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Apr 16, 2019

Maritime Areas Act Still Not Amended

The Maritime Areas Act was a controversial issue in the early nineties when it saw the fracturing of the then opposition United Democratic Party.  On August sixth, 1991, government, after consultation with the U.D.P., introduced a bill in the National Assembly for an act to provide for the territorial sea, internal waters and exclusive economic zone of Belize.  The proposed legislation would allow Guatemala access to the high seas through its own territorial waters, and at the time, it was said that it should be considered as “as a sign of good faith on the part of Belize to pursue negotiations with the Republic of Guatemala in search of a settlement of the outstanding dispute.” In 2008, the U.D.P. took office and promised on more than one occasion to amend the Maritime Areas Act, but that has not happened.  In the Senate on Monday, P.U.P. lead Senator Eamon Courtenay raised the issue once again and spoke of Honduras’ interest in the territorial dispute should Belize go to the I.C.J.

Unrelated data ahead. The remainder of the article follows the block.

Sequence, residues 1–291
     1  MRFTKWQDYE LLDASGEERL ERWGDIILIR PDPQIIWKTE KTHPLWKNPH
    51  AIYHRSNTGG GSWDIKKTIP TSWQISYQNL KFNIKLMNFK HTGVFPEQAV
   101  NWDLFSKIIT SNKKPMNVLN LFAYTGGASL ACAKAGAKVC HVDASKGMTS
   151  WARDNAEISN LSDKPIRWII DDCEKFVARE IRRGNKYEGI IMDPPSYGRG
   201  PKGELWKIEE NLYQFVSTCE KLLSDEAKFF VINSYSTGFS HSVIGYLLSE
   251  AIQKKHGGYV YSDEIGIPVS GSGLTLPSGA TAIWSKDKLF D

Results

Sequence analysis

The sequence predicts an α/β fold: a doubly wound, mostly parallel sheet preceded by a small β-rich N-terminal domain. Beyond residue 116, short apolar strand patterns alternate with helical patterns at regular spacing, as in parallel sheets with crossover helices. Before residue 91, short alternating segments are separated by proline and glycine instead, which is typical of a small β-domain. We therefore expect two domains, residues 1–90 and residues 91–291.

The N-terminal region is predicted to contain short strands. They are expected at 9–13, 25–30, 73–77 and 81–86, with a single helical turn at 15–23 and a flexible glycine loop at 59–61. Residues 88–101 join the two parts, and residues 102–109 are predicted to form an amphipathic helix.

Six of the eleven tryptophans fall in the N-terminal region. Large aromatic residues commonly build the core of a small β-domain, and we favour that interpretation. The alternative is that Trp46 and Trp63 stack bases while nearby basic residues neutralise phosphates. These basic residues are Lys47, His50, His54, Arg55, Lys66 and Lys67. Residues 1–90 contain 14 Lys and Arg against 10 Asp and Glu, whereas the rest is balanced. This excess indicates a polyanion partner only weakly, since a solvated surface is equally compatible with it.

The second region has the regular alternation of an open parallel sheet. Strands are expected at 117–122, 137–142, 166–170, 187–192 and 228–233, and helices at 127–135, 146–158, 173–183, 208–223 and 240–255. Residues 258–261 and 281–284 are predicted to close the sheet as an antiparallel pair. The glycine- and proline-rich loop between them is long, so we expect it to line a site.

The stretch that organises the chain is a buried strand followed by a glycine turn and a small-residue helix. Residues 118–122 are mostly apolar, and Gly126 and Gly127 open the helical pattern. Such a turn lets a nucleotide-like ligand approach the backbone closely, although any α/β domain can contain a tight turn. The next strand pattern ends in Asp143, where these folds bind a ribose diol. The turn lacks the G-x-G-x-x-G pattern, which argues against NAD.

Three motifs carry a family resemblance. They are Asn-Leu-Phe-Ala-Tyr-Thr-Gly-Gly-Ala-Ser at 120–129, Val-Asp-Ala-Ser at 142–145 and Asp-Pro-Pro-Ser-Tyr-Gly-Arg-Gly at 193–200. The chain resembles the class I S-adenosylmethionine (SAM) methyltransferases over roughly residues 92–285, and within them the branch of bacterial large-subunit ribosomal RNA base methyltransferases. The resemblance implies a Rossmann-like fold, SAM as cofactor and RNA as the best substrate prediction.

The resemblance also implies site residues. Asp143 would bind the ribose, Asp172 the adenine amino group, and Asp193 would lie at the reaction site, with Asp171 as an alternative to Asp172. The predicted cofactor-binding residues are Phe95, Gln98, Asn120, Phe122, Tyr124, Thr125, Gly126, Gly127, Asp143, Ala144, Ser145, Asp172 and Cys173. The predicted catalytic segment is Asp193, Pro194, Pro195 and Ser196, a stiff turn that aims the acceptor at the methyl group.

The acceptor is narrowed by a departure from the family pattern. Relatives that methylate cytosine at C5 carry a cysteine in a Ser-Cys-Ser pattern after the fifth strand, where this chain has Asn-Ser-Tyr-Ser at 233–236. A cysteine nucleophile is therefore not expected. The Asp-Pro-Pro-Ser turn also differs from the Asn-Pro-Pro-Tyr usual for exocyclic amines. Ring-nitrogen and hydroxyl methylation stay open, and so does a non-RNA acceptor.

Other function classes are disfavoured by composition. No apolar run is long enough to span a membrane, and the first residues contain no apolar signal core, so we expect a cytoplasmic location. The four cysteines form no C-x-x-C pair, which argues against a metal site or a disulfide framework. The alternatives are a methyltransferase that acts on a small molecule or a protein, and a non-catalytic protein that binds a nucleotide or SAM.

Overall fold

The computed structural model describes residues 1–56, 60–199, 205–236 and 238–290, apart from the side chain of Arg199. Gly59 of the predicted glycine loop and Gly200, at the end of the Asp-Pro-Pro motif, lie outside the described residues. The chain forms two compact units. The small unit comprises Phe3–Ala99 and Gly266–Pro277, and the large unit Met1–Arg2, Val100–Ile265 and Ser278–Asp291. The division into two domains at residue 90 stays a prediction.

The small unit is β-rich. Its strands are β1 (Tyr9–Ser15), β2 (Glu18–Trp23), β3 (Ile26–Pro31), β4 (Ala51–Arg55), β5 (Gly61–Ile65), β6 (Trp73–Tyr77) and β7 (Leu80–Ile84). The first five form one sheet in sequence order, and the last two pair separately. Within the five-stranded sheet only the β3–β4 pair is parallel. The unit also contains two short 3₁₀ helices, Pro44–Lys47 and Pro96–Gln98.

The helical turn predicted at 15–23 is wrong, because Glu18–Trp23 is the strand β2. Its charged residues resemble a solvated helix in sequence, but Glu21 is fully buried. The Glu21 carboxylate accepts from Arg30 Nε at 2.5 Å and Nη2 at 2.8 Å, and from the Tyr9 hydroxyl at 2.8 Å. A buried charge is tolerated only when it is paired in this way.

Eamon Courtenay

Eamon Courtenay, P.U.P. Senator

“Mr. Barrow is advising that if the referendum says yes, as soon as possible thereafter, there should be an amendment to the constitution.  We on this side say that that amendment should predate the referendum, but doesn’t matter.  Both sides agree that as soon as possible, an amendment to the constitution must take place in order to do that in the interest of the Belizean people.  We can only achieve that if we have a two-thirds vote which means both sides need to be on the same page on that issue Mr. President and I say, now is the time for us to come together and address these issues, and I say the same thing about the Maritime Areas Act.  It is agreed on both sides that the Maritime Areas Act should be amended.  Then pray God, tell me why the Belizean people are being asked to vote in a referendum and then they will show them how they will amend the Maritime Areas Act.  Why not tell us now what that amendment is going to be?  Why not pass that into law before so that we can make an informed decision on the Maritime Areas Act?  And Mr. President, I keep repeating it, this is a serious matter.  During the facilitation process in late 1999 and into 2000, the Republic of Honduras was engaged in that process.  Why?  Because Honduras has in the past claimed, actually claimed in its constitution, one of our cayes.”


Viewers please note: This Internet newscast is a verbatim transcript of our evening television newscast. Where speakers use Kriol, we attempt to faithfully reproduce the quotes using a standard spelling system.

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